While brisket trim makes for wonderful ground beef for an All American burger, I opted to go a different route.
Rather, I combined elements from a pastrami sandwich (which is brined/corned brisket) with the idea of a "burger." Meaning, I used horseradish cheese, pickled red onions, and toasted sourdough bread.
The result was a burger recipe I'll use for years to come.
In order to grind your brisket trim into ground beef for burgers you need:
In terms of timing, you need to schedule accordingly:
Day 1: It takes roughly a day for the meat to thaw in the refrigerator. Keep in mind, you want the meat to still be somewhat frozen but malleable; This makes the lean meat easier to grind without smearing the fat.
Day 2: You're grinding the thawed meat and then weighing and shaping them into patties. You're then placing the patties in the refrigerator for 12-24 hours to set back up. Cover with parchment paper to help prevent oxidation (going from a red hue to brown).
Day 3: You're taking the patties out of the refrigerator and cooking them.
The only difference from the above process is that you should partially freeze the meat before sending it through the grinder.
Aside from the food-safety aspect, freezing the trim for 30-45 minutes prior to grinding allows it to pass through the grinder easier. The warmer the meat becomes, the harder it is for the grinder to slice.
This is especially true for the fat, which can start to melt and smear, making a mess and potentially clogging the grinder.
A Quick Tip: I'd even suggest putting the grinder parts in the freezer for 1-2 hours before grinding; The metal plate, the blade, the hopper, and auger.
I even know folks who simply leave these parts in their freezers at all times.
Entirely thawed meat that's ground with a room temperature grinder will result in a mealy/pulpy mess with no separation of fat/lean; This also cooks and tastes as bad as it sounds.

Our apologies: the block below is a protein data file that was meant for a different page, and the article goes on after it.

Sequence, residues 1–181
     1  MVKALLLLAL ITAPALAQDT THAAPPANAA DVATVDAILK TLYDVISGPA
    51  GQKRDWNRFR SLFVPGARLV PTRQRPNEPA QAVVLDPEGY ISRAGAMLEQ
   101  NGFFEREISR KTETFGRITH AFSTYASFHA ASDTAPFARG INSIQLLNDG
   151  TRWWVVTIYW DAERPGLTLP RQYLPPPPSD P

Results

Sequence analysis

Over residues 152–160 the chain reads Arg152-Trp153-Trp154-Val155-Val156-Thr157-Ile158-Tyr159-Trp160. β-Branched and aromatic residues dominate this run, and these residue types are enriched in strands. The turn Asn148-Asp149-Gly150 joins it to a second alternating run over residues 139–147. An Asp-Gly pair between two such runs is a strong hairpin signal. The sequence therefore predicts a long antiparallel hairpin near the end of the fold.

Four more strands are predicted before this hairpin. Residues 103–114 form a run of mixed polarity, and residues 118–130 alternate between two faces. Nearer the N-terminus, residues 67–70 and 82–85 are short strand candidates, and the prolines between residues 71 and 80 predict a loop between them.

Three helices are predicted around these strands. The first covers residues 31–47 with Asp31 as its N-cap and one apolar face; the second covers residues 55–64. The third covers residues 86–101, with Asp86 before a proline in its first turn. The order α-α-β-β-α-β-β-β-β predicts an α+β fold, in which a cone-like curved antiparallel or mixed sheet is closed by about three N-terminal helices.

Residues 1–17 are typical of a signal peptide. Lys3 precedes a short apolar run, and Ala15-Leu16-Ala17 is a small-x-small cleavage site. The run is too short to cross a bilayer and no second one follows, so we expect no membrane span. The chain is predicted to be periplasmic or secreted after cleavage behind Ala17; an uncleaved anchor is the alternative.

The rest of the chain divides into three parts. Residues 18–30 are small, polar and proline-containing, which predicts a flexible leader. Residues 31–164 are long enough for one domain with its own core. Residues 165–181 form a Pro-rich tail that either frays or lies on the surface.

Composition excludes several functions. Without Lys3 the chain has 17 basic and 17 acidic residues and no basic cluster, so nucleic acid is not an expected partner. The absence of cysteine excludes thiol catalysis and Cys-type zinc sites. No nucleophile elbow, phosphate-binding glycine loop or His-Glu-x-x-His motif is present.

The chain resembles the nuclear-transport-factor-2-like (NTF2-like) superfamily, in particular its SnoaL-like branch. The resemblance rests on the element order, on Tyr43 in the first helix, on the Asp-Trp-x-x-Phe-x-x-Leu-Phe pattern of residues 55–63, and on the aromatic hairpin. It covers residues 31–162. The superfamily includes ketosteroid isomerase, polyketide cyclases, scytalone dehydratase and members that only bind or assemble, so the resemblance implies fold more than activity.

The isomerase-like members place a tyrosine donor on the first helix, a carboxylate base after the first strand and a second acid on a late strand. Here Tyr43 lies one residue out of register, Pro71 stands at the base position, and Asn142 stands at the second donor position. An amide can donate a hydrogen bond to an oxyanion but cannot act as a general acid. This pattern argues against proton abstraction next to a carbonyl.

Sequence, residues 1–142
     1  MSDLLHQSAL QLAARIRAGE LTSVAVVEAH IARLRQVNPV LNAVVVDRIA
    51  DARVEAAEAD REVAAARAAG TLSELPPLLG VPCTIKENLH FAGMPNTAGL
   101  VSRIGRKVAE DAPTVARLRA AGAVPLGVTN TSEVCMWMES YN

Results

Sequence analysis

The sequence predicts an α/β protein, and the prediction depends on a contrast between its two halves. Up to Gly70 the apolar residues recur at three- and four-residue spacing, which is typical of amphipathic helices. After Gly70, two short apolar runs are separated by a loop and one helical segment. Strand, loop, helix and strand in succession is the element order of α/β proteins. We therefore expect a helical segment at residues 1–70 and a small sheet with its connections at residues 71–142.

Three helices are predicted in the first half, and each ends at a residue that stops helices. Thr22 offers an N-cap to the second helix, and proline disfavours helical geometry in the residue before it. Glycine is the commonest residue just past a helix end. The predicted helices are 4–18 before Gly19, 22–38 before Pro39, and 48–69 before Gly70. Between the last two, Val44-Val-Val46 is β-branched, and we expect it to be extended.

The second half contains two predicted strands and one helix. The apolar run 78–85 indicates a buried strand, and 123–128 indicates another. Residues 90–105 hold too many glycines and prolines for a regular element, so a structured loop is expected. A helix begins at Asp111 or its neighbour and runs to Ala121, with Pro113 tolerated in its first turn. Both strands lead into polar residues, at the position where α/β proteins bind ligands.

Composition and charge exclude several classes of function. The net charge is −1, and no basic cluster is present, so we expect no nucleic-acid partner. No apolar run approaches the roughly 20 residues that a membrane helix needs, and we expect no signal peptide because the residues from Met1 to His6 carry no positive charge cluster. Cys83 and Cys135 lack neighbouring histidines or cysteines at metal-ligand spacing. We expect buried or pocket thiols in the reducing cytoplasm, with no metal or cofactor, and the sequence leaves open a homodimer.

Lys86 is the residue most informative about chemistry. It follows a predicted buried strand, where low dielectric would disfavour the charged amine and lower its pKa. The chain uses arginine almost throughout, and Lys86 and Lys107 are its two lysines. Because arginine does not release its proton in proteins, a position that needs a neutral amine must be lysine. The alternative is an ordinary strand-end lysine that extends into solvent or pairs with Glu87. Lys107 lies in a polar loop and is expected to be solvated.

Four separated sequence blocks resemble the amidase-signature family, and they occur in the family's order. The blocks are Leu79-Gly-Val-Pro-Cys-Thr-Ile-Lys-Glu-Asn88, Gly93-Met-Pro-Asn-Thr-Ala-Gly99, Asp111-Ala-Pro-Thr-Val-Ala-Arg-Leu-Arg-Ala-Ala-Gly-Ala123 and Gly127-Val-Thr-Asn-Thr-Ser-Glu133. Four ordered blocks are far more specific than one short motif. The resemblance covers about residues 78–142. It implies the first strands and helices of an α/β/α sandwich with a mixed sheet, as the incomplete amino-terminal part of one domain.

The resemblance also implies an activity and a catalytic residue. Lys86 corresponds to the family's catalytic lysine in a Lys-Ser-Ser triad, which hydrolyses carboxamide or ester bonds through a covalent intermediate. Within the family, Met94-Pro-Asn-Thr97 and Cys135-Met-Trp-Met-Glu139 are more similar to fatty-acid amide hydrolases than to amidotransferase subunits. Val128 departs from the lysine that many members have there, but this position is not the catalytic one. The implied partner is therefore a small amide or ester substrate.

When grinding, the meat and fat should come out of the plate in distinct holes and you'll see visual separation of fat and lean meat.
If you start to see a wet mass forming at the plate, you'll likely need to remove the plate, remove the auger, and clear the blockage. At that point I'd even suggest putting the meat in the freezer for 30 minutes.
The biggest benefit of grinding your own meat is that you get to control the amount of lean meat and fat.
Depending on the grade of brisket you initially trimmed, the intramuscular fat content will be more than enough (like with choice or prime). However if you trimmed a select grade brisket, you can add hard fat as needed.
Personally, I find 70/30 to work well for brisket trim burgers.
Technically, you could use a scale to ascertain these values, however, for something like backyard burgers I'm just eyeballing this; A safe amount is between 20-30% fat to 70-80% lean.
I personally like to sort through the trim; I'm looking for pieces of hard fat with no lean meat and separating them into piles. I then save the hard fat to be rendered down into beef tallow.
Say I did need to add more fat to the grind, I now have an entire bag of hard fat at my disposal.
When trimming a whole packer brisket, a good portion of the trim is going to be hard fat taken from the exterior of the meat. The meatier portions come from the mohawk, the rounding of the brisket flat and point, shaping the flat, and from the edges.
If you were to grind all of the exterior hard fat with the lean meat, you'd likely create a grind that's far too rich.
I got my grinder setup (Kitchenaid with Grinder attachment) and used the coarse grinding plate.
I'll be doing two grinds because brisket has lots of connective tissue, and typically after two grinds, it's at the consistency my Family likes to eat.